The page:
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Researchers: Apple's iPhone Keeps Track Of Every Little Place You Go

This map shows all the location points collected during a trip from Washington, D.C. to New York City. i i

hide captionThis map shows all the location points collected during a trip from Washington, D.C. to New York City.

O'Reilly
This map shows all the location points collected during a trip from Washington, D.C. to New York City.

This map shows all the location points collected during a trip from Washington, D.C. to New York City.

O'Reilly

Researchers at the University of Exeter discovered that iPhones using the latest operating system keep detailed records of where you've been.

At the O'Reilly Where 2.0 Conference, Peter Warden, of Data Science Toolkit, and Alasdair Allan, a researcher at University of Exeter, said they were looking to visualize information on phones. It might reveal things you didn't even know you were carrying around said Warden.

On their iPhones, they found a file simply titled "consolidated.db" and it had a series of latitude and longitudes. Perhaps, the researchers thought, the phone would store a week's worth of locations for the pictures they had taken. Then they took the data and put it on a map and were surprised with what they found.

"It turned out to be pretty much a year's worth of data for every cell [tower] that we've been through since we upgraded to iOS4," said Warden.

At the O'Reilly site, Allan writes:

The cell phone companies have always had this data, but it takes a court order to access it. Now this information is sitting in plain view, unprotected from the world. Beyond this, there is even more data that we have yet to look at in depth.

For example, in my own case I (Alasdair) discovered a list of hundreds of thousands of wireless access points that my iPhone has been in range of during the last year.

"Apple has made it possible for almost anybody — a jealous spouse, a private detective — with access to your phone or computer to get detailed information about where you've been," Warden told The Guardian.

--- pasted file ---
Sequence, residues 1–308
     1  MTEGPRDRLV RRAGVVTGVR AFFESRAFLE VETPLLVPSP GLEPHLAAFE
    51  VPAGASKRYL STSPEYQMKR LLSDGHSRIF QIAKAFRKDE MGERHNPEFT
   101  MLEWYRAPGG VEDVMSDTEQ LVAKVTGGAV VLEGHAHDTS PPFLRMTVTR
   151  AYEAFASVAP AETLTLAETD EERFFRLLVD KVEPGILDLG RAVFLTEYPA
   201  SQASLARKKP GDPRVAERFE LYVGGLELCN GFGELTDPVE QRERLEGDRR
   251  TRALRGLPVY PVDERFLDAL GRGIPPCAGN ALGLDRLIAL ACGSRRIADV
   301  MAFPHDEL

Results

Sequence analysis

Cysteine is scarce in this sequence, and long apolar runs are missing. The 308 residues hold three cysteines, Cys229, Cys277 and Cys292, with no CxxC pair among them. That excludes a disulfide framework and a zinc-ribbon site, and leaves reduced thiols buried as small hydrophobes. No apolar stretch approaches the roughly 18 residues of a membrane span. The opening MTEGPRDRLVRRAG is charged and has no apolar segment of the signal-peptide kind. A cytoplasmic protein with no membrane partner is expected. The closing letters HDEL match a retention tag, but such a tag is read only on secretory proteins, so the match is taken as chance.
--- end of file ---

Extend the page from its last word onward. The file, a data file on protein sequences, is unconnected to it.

Just how detailed is this information? Here's a visualization of data from an iPhone that went from Washington, D.C. to New York City via Amtrak:

Paidcontent, a tech news site, reports the researchers looked at other phones, including Android devices, but couldn't find similar information. The researchers say there is no evidence that the data is being transmitted to Apple or any other company. When you switch phones, however, that file is copied to the new iPhone.

Paidcontent adds:

Simon Davies, director of the pressure group Privacy International, said: "This is a worrying discovery. Location is one of the most sensitive elements in anyone's life – just think where people go in the evening. The existence of that data creates a real threat to privacy. The absence of notice to users or any control option can only stem from an ignorance about privacy at the design stage."

In some ways, this shouldn't be surprising. Back in June of 2010, Apple updated its privacy policy to include a paragraph that allows Apple and "partners and licensees" to collect and store user location data. According to the Los Angeles Times, Apple says that data remains anonymous, but "analysts have shown, however, that large, specific data sets can be used to identify people based on behavior patterns."

In that piece The Times muses that Apple might be integrating location data to its advertising system, "for instance, to help local shops sell coupons to users in the neighborhood."

If you're really interested in getting into the guts of this, O'Reilly has posted a 20-minute video of the researchers explaining how they found what they found; that's below. But they've also released a piece of free software that will take this info from your iPhone and map it for you.

YouTube

Update at 1:21 p.m. ET: When concern about its new privacy policy surfaced last summer, Apple sent two Congressmen a 13-page response to explain the change. Apple said they take great care to protect users' privacy and it allows users to turn-off location based services. On an iPhone, they point out, you go to your settings and turn off location services.

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